Nature conservation

Threatened species

Zieria involucrata - profile

Indicative distribution

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The areas shown in pink and/purple are the sub-regions where the species or community is known or predicted to occur. They may not occur thoughout the sub-region but may be restricted to certain areas. ( click here to see geographic restrictions). The information presented in this map is only indicative and may contain errors and omissions.
Scientific name: Zieria involucrata
Conservation status in NSW: Endangered
Commonwealth status: Vulnerable
Gazetted date: 13 Dec 2002
Profile last updated: 21 Aug 2019


A small, erect, sparse shrub, growing 1 – 2 metres in height. Branches and leaves are densely covered with hairs which form a soft, velvety covering (tomentum). When looked at under magnification most hairs appear star-shaped, although simple and two-forked hairs are also present. Leaves are opposite and consist of either a single leaflet or three leaflets, with both forms usually being present on the same branch (occasionally unifoliolate leaves only are present on a branch). Leaflets are dark green above, light grey-green below, oblong to elliptic to lance-shaped, 3 – 6 cm long and 6 – 15 mm wide. The flower clusters, consisting of 3 – 21 flowers, are shorter than the leaves and enclosed in numerous small, leaf-like bracts, 7 – 12 mm long, which are also covered in dense, white hairs. Flowers are white with pink tinges, and slightly hairy.


Has a disjunct distribution north and west of Sydney, in the Baulkham Hills, Hawkesbury, Hornsby and Blue Mountains local government areas. Recent records for the species come from 22 populations in the catchments of the Macdonald, Colo and Hawkesbury Rivers between Melon Creek and Mogo Creek in the north to Little Cattai Creek (Hillside) and Wheeny Creek (Colo) in the south and from a single population in the upper Blue Mountains north of Katoomba. In addition, historical records exist for at least two other localities in the eastern Blue Mountains: south of Springwood Valley Heights and north-west of Kurrajong.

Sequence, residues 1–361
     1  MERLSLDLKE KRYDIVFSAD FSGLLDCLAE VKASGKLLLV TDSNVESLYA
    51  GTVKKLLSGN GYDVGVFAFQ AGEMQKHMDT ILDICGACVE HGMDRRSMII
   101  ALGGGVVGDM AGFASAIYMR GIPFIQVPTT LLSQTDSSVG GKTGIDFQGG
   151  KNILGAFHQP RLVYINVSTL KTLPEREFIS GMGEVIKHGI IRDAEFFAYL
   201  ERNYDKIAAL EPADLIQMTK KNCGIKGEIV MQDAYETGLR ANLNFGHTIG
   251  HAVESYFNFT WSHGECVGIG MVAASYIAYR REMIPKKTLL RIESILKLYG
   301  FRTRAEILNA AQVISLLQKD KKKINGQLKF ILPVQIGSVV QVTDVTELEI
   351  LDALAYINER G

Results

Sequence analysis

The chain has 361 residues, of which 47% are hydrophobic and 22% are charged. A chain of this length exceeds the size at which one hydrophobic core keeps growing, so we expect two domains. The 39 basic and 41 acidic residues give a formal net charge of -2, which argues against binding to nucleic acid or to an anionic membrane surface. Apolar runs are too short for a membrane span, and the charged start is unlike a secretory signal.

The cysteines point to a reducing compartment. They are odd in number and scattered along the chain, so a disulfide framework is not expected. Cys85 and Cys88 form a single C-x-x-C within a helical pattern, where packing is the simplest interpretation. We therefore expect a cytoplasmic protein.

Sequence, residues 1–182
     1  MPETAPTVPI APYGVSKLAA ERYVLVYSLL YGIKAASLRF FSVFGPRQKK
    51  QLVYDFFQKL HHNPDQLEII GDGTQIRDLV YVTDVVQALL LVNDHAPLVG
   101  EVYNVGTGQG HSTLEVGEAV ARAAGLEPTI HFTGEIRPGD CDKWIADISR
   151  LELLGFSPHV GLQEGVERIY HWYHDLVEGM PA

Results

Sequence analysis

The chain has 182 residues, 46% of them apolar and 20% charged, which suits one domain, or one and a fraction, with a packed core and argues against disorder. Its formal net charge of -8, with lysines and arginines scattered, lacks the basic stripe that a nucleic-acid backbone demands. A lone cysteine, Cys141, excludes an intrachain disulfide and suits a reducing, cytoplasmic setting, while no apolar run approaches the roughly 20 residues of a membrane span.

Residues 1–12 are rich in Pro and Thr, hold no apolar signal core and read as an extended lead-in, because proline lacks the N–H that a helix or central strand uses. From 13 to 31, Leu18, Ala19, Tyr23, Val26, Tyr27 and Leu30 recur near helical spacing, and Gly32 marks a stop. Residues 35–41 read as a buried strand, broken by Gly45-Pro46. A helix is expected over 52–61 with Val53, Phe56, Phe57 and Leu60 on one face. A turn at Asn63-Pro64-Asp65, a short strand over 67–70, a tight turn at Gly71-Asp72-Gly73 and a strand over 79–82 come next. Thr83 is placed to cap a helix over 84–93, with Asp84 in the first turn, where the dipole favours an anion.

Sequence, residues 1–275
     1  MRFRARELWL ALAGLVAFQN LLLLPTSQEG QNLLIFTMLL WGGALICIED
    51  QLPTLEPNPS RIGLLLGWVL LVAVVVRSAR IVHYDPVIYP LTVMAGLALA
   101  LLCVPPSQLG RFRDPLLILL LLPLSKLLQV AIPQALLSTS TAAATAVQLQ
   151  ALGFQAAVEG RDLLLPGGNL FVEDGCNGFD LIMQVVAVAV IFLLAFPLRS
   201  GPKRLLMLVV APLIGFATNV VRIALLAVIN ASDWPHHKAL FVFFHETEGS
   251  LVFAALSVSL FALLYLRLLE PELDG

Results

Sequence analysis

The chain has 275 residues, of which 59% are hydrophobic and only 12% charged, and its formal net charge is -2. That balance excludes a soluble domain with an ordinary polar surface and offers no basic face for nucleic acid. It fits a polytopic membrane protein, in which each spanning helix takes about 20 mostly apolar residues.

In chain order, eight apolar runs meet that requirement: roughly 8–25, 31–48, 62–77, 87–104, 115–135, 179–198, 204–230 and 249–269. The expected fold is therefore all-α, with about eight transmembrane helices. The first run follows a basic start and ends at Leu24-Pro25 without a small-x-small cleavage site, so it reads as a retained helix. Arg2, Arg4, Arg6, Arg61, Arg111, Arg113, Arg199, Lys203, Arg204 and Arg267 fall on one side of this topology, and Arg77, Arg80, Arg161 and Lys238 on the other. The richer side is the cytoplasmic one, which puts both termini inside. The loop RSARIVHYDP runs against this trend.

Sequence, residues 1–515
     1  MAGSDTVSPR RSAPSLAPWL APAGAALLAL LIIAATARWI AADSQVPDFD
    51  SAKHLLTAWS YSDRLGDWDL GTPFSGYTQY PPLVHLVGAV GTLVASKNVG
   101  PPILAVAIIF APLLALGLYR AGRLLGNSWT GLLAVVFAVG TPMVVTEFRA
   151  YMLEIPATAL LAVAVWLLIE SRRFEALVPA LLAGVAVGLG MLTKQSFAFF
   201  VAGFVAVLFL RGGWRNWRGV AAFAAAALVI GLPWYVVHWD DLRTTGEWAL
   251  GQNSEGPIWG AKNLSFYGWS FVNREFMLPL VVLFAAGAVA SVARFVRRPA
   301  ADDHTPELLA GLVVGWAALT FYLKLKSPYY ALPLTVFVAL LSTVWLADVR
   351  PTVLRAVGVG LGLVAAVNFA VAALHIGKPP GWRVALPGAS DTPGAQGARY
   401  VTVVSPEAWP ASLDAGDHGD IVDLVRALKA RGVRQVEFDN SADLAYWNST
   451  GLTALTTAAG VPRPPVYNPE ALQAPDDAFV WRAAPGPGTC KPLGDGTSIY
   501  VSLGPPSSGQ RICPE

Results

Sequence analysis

Habitat and ecology

  • Occurs primarily on Hawkesbury sandstone. Also occurs on Narrabeen Group sandstone and on Quaternary alluvium.
  • Found primarily in sheltered forests on mid- to lower slopes and valleys, e.g. in or adjacent to gullies which support sheltered forest, although some populations extend upslope into drier vegetation. Also known from at least two atypical ridgetop locations. The canopy typically includes Syncarpia glomulifera subsp. glomulifera (Turpentine), Angophora costata (Smooth-barked Apple), Eucalyptus agglomerata (Blue-leaved Stringybark) and Allocasuarina torulosa (Forest Oak).
  • Ecological knowledge about this species is limited.
  • Flowering usually takes place in spring. Plants usually first flower and set seed 3 – 5 years after germination, but maximum seed production probably does not occur until 6 – 10 years of age.
  • While there is some evidence that individual plants may be capable of resprouting after fire, the species is probably best considered as an obligate seeder that relies on seed germination after disturbance to maintain populations. A soil seedbank, which may last 1 – 2 decades, appears to be established by this species, so for a number of years following fire or other disturbance the species may not be apparent, but be present only as seed in the soil.
  • Either heat or smoke or a combination of these factors may play a role in breaking soil-stored seed dormancy. Both the amount of smoke and the level of heating could influence germination success. A certain level of heat may be optimal for breaking seed dormancy (such that too little heat results in seeds staying dormant, while too much heat kills seeds).

Regional distribution and habitat

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Recovery strategies

Activities to assist this species

Information sources

IBRA Bioregion IBRA Subregion Known or predicted Geographic restrictions region
Sydney BasinCumberland Predicted None
Sydney BasinPittwater Predicted None
Sydney BasinWollemi Known None
Sydney BasinYengo Known None